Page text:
Why Do Tournaments have a “CUT” and what the heck is “MDF”
If you’re a committed reader of golf tournament results (like a box score reader in baseball), your patience means you are willing to read deep down the columns after each tournament, perhaps searching for your favorite player or players struggling to retain their PGA Tour playing privileges.
It’s also a great chance to compare player performances through each individual round. Often, you can deduce when a course is playing difficult due to the weather conditions or pin and tee box placements. You can really dig in and see which players managed to put four consistent rounds together and others who caught fire for a round or two, but were hampered by over par scores in their other rounds.
Most golf fans are well aware of the “cut” which occurs after two rounds of play. The cut typically reduces the field by half. There are practical reasons for a cut. Paring a field down from 144 players to 70 allows pros to play in twosomes instead of threesomes on Saturday and Sunday. It allows players to sleep in later on the weekend and for the tournament’s leading contenders to play and finish their rounds during the afternoon’s “prime time” from around 2 PM to 6 PM.
The smaller field also competes during a smaller variant of weather during the course of a round. During the first rounds of tournaments, players teeing off at 7:40 AM often face a totally different golf course than their peers who have late tee times, often 2 or 2:30 PM in the afternoon. Strong, gusty winds can dramatically change a golf course. 144 players also leave quite a set of small, imperceptible foot prints and spike marks on the greens and around the holes. In short, the cut helps equal playing conditions on Saturday and Sunday and theoretically produces a champion based more on that individual’s play than all the other variables that make up the first two days of a tournament.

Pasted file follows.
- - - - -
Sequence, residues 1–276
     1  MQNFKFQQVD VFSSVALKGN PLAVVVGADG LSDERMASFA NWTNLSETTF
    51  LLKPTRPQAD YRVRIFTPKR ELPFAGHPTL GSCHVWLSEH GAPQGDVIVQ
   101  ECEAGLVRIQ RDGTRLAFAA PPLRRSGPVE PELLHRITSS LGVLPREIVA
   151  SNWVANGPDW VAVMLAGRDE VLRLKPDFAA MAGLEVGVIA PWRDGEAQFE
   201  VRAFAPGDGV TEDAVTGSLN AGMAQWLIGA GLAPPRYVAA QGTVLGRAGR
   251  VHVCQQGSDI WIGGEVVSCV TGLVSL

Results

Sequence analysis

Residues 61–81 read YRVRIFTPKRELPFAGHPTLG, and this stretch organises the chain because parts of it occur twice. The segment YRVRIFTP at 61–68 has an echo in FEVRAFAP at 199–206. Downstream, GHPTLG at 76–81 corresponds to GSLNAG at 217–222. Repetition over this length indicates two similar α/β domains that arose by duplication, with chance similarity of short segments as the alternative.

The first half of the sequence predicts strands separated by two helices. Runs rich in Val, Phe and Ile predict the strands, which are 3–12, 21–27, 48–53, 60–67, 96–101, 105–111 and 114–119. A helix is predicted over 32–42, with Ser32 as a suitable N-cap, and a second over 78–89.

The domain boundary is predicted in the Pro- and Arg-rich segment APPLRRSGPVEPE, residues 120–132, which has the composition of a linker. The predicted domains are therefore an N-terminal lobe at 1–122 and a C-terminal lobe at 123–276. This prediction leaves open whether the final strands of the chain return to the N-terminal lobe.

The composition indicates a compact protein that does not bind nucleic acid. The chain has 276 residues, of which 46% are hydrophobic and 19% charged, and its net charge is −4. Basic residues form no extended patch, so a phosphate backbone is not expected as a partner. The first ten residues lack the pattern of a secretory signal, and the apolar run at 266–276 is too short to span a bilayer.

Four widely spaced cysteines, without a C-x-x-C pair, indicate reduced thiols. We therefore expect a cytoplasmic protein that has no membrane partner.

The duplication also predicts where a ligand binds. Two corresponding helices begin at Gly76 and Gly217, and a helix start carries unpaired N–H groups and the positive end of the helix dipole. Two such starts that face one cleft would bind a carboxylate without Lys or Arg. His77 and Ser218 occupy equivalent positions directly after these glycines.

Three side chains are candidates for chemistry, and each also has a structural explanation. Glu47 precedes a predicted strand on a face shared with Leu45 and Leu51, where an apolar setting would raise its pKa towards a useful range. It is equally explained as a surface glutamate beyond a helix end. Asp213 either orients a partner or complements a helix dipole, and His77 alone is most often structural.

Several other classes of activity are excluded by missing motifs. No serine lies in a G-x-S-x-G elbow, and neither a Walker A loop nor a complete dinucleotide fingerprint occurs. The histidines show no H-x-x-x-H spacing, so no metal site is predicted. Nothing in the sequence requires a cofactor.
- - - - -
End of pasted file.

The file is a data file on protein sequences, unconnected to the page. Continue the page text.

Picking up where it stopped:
The most devoted of golf’s tournament summaries have probably noticed an increased use of the PGA Tour’s “MDF” designation.
A lot of folks would be excused for thinking MDF stands for “modified cut”. In essence, that’s correct but the actual wordage from the PGA Tour is “made (cut) didn’t finish”.
The PGA Tour first rolled out the MDF concept at the beginning of the 2008 season at the Sony Open in Hawaii. That year, a small number of players were credited with making the cut, earned small checks ($9,699 in this event) but were not allowed to play on the weekend and a chance to rise up the leaderboard.
The fact is it’s not impossible for a player to make the cut “on the number” and rally in the final two rounds to win a golf tournament. Several players over the past decade have experienced this turnabout in performance and fate and it makes for exciting television and galleries. Plus, it just seems fair.
The PGA Tour’s rationale for adopting the rule change was that tournament fields could swell into the 80’s on weekends because a large number of players would be tied on the cut number at the end of the first two rounds.
Shortly after rolling out the format in 2008, the PGA tweaked the MDF by employing it after three rounds of play instead of the first two rounds. Essentially, this is a secondary cut after three rounds of play, designed to accomplish the same thing – thin the herd before Sunday’s final round.
The exact way the MDF works now (summer 2016) is that when 78 or more players make the cut after two rounds, a secondary cut (MDF) is used to reduce the number of players to as close as 70 as possible for Sunday’s final round. Oftentimes this means that as few as 5 or 6 players or as many as a dozen or more players pack up their bags after three rounds and head for the next tour stop. They do collect their money and their FedEx Cup points.
Eight years after its rollout, the MDF remains confusing to fans and frustrating to players.